Tibetans Turn to Alternative Protest as Self-Immolations Prove Futile

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Students pray during morning assembly at Tibetan Transit School in Dharamsala, India

Last year, Norbu Jorden ran away to New Delhi to set himself on fire. Driven by accounts of other self-immolations by Tibetans — there have been 112 deaths since 2009 — the 20-year-old student concluded that this was the only way he could contribute to Tibet’s struggle for freedom from China. Jorden did not succeed: before he could engulf himself in flames, police in the capital intervened and eventually sent him back to Dharamsala in northern India, the sanctuary for Tibetans fleeing Beijing’s hard-line rule of their homeland. Now Jorden is expressing his dissent differently. On a Wednesday in late March, he was one of hundreds of young Tibetans kitted out in traditional robes and singing boisterously at a school in Dharamsala. The event was part of a weekly peaceful protest called Lhakar — “White Wednesday” in Tibetan — which takes place in the city where the Dalai Lama set up his exiled administration in 1959. “I wanted to do something to be a part of our freedom struggle, and [self-immolation] was the only way I knew,” says Jorden. “When I came back to school and was introduced to Lhakar, I realized this was a better way.”

(MORE: As Tibetans Burn Themselves to Protest Chinese Rule, Communists in Beijing Stress Happiness in Tibet)

In recent years, young Tibetans-in-exile have found in Lhakar an alternative to the gruesome and desperate act of self-immolation. Lhakar is a movement inspired by Mahatma Gandhi’s principles of nonviolence and noncooperation to rid India of British colonialism. In the 1980s, when Lhasa erupted in violence against Chinese rule and the authorities subsequently clamped down on the region, many in China’s Tibetan areas continued to secretly visit temples on Wednesdays, the day the Dalai Lama is believed to have been born, to pray for him. But in 2008, when the Chinese authorities started cracking down on religious activities associated with the Dalai Lama, Tibetans devised the subtler Lhakar. For the past five years, Tibetans, both in China’s Tibetan regions and in exile, have reasserted their cultural identity through thinking, talking, eating and buying Tibetan once a week.

On Wednesdays at Jorden’s school in Dharamsala, children only speak in Tibetan, unmixed with Mandarin, Hindi or English. They listen to Tibetan music, not Bollywood or Western. Lunch comprises traditional Tibetan food like bhaktsa, a dessert, with pasta, cheese soup and tsamba, or roasted barley flour, a staple dish consumed with butter tea all over China’s Tibetan regions. “For any movement to succeed … it should be one where common people can join in, understand and relate,” says Dorjee Tseten, regional director of the India chapter of Students for a Free Tibet.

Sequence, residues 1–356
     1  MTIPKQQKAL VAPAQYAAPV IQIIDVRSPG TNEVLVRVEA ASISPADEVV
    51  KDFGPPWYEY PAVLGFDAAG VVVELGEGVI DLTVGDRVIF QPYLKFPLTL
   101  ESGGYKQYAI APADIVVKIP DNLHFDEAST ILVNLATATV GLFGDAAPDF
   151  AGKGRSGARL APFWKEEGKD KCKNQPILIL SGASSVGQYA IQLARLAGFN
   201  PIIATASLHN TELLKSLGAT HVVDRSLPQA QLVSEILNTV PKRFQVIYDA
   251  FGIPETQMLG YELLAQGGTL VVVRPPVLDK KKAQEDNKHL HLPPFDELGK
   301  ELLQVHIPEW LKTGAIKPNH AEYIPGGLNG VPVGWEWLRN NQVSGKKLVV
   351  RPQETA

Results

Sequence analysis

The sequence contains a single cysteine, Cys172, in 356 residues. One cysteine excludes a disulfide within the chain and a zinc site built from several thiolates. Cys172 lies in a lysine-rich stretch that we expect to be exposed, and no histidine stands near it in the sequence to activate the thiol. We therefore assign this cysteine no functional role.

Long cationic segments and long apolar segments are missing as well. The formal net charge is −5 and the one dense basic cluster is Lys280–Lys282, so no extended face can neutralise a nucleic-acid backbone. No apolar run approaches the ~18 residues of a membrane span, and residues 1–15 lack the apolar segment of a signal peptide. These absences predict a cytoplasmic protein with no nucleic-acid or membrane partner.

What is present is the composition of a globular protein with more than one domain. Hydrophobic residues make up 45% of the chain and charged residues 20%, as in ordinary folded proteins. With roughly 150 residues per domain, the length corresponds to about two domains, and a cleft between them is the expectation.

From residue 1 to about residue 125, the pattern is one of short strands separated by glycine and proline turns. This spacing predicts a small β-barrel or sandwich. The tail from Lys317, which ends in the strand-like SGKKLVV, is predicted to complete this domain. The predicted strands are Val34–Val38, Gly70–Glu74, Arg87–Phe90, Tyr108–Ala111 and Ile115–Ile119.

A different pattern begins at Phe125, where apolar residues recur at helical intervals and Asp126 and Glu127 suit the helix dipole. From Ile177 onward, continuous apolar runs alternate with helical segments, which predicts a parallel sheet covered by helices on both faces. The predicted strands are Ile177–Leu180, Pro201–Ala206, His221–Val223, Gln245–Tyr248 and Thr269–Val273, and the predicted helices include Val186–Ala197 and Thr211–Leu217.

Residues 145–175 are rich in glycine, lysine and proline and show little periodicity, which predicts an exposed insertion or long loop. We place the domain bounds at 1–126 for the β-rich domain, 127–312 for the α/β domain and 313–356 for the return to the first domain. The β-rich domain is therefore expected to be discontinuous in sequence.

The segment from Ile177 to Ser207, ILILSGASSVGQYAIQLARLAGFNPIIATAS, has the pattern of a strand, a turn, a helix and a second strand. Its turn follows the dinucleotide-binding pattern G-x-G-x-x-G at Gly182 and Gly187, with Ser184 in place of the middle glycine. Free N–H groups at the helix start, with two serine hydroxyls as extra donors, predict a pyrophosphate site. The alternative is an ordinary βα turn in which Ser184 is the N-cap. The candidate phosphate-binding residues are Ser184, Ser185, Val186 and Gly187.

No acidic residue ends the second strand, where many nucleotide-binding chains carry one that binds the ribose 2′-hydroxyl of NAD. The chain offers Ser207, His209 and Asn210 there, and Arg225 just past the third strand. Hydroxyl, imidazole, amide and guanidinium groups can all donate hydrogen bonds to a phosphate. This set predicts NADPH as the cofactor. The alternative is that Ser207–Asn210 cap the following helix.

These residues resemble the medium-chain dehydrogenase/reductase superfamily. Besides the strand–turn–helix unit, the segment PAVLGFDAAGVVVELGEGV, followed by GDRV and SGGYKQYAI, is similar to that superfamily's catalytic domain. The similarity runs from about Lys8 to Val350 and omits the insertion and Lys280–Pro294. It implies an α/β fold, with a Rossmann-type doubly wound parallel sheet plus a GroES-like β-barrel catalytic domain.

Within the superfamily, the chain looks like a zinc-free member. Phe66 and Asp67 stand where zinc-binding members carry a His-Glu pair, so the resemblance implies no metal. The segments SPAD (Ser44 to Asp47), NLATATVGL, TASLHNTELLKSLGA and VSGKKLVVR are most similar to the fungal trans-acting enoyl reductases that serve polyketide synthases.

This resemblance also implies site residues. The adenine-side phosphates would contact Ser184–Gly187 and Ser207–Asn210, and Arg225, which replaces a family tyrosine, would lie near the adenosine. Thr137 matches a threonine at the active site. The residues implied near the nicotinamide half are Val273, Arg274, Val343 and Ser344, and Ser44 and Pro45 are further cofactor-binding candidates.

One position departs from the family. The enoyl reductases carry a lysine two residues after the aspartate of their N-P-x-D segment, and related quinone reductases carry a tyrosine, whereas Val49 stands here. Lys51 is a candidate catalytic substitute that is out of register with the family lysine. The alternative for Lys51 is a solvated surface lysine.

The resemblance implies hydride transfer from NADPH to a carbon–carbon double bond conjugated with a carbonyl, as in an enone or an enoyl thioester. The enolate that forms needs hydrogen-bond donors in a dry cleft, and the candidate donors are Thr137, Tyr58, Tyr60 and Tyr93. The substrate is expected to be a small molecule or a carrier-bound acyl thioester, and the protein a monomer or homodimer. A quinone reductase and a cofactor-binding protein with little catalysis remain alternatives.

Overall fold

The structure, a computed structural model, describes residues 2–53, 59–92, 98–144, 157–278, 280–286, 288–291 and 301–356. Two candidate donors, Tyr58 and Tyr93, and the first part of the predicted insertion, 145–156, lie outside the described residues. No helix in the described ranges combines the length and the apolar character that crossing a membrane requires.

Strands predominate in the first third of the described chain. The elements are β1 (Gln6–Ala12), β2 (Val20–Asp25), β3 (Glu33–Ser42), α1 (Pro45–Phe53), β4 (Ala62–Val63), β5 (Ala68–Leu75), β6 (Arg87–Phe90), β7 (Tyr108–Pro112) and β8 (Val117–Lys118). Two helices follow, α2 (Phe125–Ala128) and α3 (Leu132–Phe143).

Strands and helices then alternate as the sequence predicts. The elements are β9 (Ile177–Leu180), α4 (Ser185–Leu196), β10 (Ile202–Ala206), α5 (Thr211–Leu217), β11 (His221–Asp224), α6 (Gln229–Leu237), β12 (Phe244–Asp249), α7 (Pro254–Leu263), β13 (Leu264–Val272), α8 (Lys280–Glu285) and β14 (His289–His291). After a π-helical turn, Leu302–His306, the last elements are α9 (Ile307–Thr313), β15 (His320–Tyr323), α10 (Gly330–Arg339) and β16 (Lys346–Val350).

Lhakar became a political force in 2011 when Lobsang Sangay, the current Prime Minister of the Tibetan government-in-exile, exhorted Tibetans worldwide to embrace this form of protest. “I kept hearing about a Lhakar drive going on in some parts of Tibet,” Sangay tells TIME. “I felt, as a leader, I had to rally around ideas or events that address the core of the Tibetan struggle and can mobilize people.” Since then, the weekly rite has grown exponentially: leaders say participation in India, where more than 110,000 Tibetans live, has doubled in the past 18 months.

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Lhakar is unlikely to sway Beijing to ease control over China’s Tibetan regions, and has not led to the end of self-immolations. In 2011, 13 Tibetans set themselves on fire; last year, that number rose to 70. As people around the world have begun to associate Tibet’s struggle with flames, followers of Lhakar hope that their movement will offer an alternative — and harmless — way for young Tibetans to express their anger. “Self-immolation will reduce our population further, and until now, it has not achieved any significant reaction from the world community,” says Rigchen Wangwal, an 18-year-old student at Jorden’s school. “[Self-immolations] have not been an effective protest. Lhakar will be. There is no way to put a stop to it.”

The Chinese are trying to. Last fall, authorities in Tibet’s Shershul district arrested a Tibetan woman for wearing a chuba, a robelike garment often worn over an ornate Tibetan shirt, on a Wednesday. In the past year, hundreds of people in Tibet have been detained for taking part in language-preservation groups, and others for promoting vegetarianism, which older Tibetans believe will prolong the Dalai Lama’s life if they practice it. Adherents of Lhakar say the Chinese state’s efforts to stamp out Tibetan culture are futile. “Lhakar is very subtle, and yet very strong,” says Sangay. “By following Lhakar, you are not violating any Chinese laws but at the same time you are eliminating or diluting the element of fear.” Perhaps that’s what scares Beijing most.

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